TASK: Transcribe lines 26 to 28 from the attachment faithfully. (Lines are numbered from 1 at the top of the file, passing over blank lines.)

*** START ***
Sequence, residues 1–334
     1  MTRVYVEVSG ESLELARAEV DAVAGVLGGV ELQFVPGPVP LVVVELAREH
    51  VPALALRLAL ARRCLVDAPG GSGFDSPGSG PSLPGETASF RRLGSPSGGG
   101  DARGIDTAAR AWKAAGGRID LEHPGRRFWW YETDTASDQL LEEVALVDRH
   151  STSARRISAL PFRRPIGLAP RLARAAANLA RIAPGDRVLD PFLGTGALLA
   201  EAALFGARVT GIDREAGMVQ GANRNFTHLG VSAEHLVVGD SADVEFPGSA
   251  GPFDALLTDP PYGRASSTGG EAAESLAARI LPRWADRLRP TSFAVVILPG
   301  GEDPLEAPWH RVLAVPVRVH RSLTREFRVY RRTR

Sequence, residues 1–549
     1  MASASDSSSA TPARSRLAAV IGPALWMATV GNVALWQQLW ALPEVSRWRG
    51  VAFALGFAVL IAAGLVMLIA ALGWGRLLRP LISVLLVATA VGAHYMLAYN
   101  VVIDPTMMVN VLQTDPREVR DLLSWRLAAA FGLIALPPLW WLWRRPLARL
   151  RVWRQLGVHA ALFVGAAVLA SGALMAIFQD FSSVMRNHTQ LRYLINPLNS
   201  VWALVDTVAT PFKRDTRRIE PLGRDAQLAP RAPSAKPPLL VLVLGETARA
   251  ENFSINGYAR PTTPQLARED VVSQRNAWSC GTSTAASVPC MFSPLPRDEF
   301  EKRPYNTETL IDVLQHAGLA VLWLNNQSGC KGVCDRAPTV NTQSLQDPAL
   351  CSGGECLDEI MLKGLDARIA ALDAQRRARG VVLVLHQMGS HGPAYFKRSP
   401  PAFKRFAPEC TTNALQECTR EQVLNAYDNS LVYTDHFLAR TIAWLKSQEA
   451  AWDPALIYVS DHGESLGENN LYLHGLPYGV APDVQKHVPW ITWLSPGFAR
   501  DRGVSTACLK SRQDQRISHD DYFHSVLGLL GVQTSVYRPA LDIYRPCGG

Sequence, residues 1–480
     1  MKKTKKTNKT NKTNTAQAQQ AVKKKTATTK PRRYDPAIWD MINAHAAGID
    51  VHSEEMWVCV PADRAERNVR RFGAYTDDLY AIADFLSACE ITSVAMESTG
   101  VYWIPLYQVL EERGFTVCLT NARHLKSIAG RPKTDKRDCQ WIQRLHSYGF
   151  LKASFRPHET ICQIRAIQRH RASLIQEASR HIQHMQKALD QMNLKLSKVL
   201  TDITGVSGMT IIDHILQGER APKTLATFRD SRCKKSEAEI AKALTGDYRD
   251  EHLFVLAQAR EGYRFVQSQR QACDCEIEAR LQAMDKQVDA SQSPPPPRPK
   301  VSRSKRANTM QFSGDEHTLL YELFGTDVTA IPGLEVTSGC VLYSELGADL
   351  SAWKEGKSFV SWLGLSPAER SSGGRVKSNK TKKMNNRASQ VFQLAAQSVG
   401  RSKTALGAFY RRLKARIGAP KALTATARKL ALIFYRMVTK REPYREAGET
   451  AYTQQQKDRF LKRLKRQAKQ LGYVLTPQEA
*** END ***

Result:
   201  TDITGVSGMT IIDHILQGER APKTLATFRD SRCKKSEAEI AKALTGDYRD
   251  EHLFVLAQAR EGYRFVQSQR QACDCEIEAR LQAMDKQVDA SQSPPPPRPK
   301  VSRSKRANTM QFSGDEHTLL YELFGTDVTA IPGLEVTSGC VLYSELGADL